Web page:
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Old 6th April 2012, 13:10   #9586
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I own a canon 550d and i am begineer photographer .

I am wondering if we need to take any extra precautions while changing lenses to avoid dust getting into the sensor region . Also, Whenever I swichoff the camera I see "sensor cleaning" message. What kind of cleaning does it do? When using at water bodies , does it pose a severe risk if slight mist creeps into the body when changing lenses? What is the risk if Sensor region is directly exposed to Sun light ?What kind of precautions do we need to take generally?
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Old 6th April 2012, 15:05   #9587
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Originally Posted by muthyala.raja View Post

I am wondering if we need to take any extra precautions while changing lenses to avoid dust getting into the sensor region .
Try to be quick while changing the lens. Also keep the camera face down when you change it.

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Originally Posted by muthyala.raja View Post
When using at water bodies , does it pose a severe risk if slight mist creeps into the body when changing lenses?
Whatever lens change has to be done, do it inside your house/hotel room. I would never risk changing my lens outside. Water body or coffee shop, its a strict no-no.
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Old 6th April 2012, 15:11   #9588
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Oh....which camera and lens it is? Wad it on reverse mount or normal?
It is Canon 550D with 18-55 kit lens,nomal mounting.Point to be noted,I was not using any tripod.
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Old 6th April 2012, 15:30   #9589
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Quote:
Originally Posted by muthyala.raja
I own a canon 550d and i am begineer photographer .

I am wondering if we need to take any extra precautions while changing lenses to avoid dust getting into the sensor region . Also, Whenever I swichoff the camera I see "sensor cleaning" message. What kind of cleaning does it do? When using at water bodies , does it pose a severe risk if slight mist creeps into the body when changing lenses? What is the risk if Sensor region is directly exposed to Sun light ?What kind of precautions do we need to take generally?
Sensor cleaning: the sensor is provided with a film/ coating that vibrates at ultrasonic frequencies to shake off any dust thats settled on it.
Mist entering cam: the mist will not land on the sensor. The mist (spray) may fall on reflex mirror. Never touch this mirror - its a first surface mirror (reflecting coating on top surface). Let the droplets evaorate in a dust free environment. Below the mirror you will find shutter curtains in closed position. So usually mist spray will not reach the sensor unless mirror is locked up and shutter is opened.

I have used my 400D in some really bad rains in Bandipur (caught unprepared) and the cam survived, despite not being weather sealed. Reinforced my trust in Canon.

Sensor exposed to sun:
No issues as long as you dont have a lens fitted, and focussing the sun, and using slow shutter. Just sunlight falling directly on sensor for few seconds does no harm.

I have used my Canon 300v (film), 400D, and 7D in really harsh conditions (-40) and the cam n lenses worked very well
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Old 6th April 2012, 16:22   #9590
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Originally Posted by white-rabbit

It is Canon 550D with 18-55 kit lens,nomal mounting.Point to be noted,I was not using any tripod.
Ok, thanks. Never knew Canon supplies kit lenses with this kind of inferior optical quality with 550D. I was under the impression that mine was worse!
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Old 6th April 2012, 17:10   #9591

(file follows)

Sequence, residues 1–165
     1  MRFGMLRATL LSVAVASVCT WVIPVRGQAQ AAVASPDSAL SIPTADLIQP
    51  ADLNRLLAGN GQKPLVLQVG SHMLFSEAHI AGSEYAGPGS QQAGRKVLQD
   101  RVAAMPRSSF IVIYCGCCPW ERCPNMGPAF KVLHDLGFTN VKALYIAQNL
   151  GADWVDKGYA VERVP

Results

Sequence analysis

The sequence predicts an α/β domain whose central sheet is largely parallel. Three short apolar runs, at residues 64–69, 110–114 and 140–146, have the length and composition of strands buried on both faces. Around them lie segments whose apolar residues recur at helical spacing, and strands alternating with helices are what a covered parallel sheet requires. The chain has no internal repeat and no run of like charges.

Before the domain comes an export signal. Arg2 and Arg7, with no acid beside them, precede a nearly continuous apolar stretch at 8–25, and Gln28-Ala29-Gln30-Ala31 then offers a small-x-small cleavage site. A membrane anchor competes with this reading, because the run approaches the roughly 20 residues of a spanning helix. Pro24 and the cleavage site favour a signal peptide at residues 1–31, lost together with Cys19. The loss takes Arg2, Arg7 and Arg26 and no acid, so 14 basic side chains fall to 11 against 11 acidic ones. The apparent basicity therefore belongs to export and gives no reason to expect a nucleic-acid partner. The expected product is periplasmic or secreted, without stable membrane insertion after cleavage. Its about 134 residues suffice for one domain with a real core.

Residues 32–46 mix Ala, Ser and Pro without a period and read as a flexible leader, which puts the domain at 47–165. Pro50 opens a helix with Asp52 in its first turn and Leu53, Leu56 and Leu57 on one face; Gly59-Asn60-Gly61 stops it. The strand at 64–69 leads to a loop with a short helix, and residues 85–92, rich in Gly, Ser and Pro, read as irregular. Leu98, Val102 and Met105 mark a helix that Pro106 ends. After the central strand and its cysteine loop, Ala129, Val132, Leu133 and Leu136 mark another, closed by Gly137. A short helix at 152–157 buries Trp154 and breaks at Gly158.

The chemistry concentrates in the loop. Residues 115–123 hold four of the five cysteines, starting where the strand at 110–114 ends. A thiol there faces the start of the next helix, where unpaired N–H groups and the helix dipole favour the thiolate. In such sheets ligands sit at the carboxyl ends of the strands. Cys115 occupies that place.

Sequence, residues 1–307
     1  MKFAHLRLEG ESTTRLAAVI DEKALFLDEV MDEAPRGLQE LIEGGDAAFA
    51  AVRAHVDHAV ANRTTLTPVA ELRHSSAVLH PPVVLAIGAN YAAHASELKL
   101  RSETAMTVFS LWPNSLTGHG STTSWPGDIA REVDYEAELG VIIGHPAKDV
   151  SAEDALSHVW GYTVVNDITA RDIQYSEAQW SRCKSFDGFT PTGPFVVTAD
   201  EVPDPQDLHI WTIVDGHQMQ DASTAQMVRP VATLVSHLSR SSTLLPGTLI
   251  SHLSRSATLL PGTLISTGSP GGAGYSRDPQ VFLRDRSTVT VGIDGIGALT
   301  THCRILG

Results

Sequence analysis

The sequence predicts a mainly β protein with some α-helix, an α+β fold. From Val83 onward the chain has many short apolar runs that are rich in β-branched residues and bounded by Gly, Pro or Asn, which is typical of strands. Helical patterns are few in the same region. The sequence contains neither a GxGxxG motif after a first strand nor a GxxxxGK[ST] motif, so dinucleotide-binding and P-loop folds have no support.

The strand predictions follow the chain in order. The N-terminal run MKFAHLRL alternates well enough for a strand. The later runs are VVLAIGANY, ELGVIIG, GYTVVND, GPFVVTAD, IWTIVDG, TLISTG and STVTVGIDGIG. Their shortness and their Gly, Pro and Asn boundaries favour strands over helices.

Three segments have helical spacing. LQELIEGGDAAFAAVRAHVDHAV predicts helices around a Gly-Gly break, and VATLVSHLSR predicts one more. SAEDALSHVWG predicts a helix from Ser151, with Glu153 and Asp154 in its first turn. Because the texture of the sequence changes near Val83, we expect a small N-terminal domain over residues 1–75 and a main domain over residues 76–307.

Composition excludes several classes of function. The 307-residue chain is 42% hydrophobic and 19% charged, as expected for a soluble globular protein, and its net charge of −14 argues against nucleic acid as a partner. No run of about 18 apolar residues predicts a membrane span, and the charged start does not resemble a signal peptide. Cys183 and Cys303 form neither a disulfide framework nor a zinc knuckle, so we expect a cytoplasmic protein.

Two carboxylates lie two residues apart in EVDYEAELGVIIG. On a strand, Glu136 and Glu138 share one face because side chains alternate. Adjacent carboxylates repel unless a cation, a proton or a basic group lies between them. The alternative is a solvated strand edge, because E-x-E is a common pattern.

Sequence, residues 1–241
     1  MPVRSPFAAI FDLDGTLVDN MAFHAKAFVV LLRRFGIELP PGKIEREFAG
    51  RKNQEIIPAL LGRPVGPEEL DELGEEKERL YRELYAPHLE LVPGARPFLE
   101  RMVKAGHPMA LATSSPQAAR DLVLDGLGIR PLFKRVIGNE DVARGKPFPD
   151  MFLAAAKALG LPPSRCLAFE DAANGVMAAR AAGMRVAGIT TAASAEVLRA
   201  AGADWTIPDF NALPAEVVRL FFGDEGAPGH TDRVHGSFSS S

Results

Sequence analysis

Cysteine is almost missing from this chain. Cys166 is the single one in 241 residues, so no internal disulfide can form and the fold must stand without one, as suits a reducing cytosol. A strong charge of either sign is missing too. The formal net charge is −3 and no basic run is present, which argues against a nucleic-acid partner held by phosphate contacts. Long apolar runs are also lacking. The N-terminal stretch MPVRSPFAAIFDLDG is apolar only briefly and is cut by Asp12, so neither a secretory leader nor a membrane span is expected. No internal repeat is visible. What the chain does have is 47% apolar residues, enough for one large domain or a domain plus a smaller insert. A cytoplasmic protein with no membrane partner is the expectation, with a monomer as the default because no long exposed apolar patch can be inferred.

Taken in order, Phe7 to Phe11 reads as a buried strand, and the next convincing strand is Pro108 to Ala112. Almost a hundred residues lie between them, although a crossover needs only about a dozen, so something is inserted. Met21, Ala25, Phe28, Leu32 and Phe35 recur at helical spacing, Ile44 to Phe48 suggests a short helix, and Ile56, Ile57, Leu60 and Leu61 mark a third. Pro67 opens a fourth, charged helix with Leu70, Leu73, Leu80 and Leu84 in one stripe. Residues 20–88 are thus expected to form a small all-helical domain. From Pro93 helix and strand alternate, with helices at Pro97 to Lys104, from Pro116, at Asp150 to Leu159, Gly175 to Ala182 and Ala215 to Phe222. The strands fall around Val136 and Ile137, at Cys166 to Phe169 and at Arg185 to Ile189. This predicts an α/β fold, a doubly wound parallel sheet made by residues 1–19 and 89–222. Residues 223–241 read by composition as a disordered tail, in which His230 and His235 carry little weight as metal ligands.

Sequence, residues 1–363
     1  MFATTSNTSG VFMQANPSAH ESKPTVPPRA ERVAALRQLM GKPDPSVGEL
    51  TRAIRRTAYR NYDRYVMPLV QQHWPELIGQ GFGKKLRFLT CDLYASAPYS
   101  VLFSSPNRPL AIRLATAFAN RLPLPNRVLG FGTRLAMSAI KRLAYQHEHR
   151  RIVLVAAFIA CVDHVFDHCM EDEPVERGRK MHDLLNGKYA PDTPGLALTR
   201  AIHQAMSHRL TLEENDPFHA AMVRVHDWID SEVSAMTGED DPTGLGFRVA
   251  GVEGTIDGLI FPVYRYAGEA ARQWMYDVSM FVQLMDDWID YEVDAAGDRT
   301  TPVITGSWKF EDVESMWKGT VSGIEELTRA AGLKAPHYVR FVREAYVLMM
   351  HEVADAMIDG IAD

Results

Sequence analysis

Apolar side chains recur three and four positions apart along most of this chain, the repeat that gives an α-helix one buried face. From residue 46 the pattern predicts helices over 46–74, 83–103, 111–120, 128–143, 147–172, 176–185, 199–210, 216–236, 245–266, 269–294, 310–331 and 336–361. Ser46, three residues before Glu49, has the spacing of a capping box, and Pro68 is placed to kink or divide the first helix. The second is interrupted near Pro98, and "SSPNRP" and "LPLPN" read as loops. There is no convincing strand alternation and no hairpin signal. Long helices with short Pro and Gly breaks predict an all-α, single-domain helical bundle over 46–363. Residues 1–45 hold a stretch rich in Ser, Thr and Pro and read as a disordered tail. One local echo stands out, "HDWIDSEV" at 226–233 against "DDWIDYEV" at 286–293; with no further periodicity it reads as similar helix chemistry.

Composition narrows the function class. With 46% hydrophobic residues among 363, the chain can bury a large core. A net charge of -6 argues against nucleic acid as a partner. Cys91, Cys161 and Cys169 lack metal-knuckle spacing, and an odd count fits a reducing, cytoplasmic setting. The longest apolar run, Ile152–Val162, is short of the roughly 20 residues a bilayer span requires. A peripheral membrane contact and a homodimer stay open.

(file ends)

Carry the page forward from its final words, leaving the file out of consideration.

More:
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Ok, thanks. Never knew Canon supplies kit lenses with this kind of inferior optical quality with 550D. I was under the impression that mine was worse!

How to check this?Are you telling the lens is faulty?
So how can I get this checked?

I took this one with same lens,but used flash
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The DSLR Thread-copy-img_0971.jpg  


Last edited by white-rabbit : 6th April 2012 at 17:37.
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Old 6th April 2012, 18:21   #9592
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Originally Posted by white-rabbit
How to check this?Are you telling the lens is faulty?
So how can I get this checked?
I took this one with same lens,but used flash
I am not saying that the lens is faulty. Most of the kit lenses coming with entry level SLRs are not so good in optical quality. I want to replace my kitty, seriously contemplating on getting an f/2.8 17-70mm or so. But the kit lens that came with my A35 isn't that bad when it comes to chromatic aberration.
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Old 6th April 2012, 18:53   #9593
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I am not saying that the lens is faulty. Most of the kit lenses coming with entry level SLRs are not so good in optical quality. I want to replace my kitty, seriously contemplating on getting an f/2.8 17-70mm or so. But the kit lens that came with my A35 isn't that bad when it comes to chromatic aberration.
Every lense has a "sweet spot". That is the aperture and distance where the aberrations are minimal, so that you will get crisp photographs with minimal distortion/chromatic aberration. Find the spot and all your photographs will come out perfect (well nearly so).

Where the professional lenses excel is in the wide range of minimal distortion and better performance wide open, some thing which lower cost lenses compromise on, but for the price you pay, the low cost lenses are perfect if you know their limitations.
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Old 6th April 2012, 21:13   #9594
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Quote:
Originally Posted by white-rabbit

How to check this?Are you telling the lens is faulty?
So how can I get this checked?

I took this one with same lens,but used flash
Kit lenses are usually hopeless - genuine waste of a good body if you dont upgrade optics. For general purpose shooting, go with a 18~135. If you want even better quality pics, and dont mind losing a bit on tele end, buy the fantastic 15~85. I have the 15~85 on my 7D all the time. Very nice superwide end and decent tele end.

White-rabbit, I read your previous posts now - UV filter is a good protection for the front element of the lens, but a poor quality one can degrade image quality. Please stop using it on kit lens. Use a good UV filter on expensive lenses in dusty conditions / near beaches where you might get salty sea spray. Dont forget to remove the UV filter for important shoots.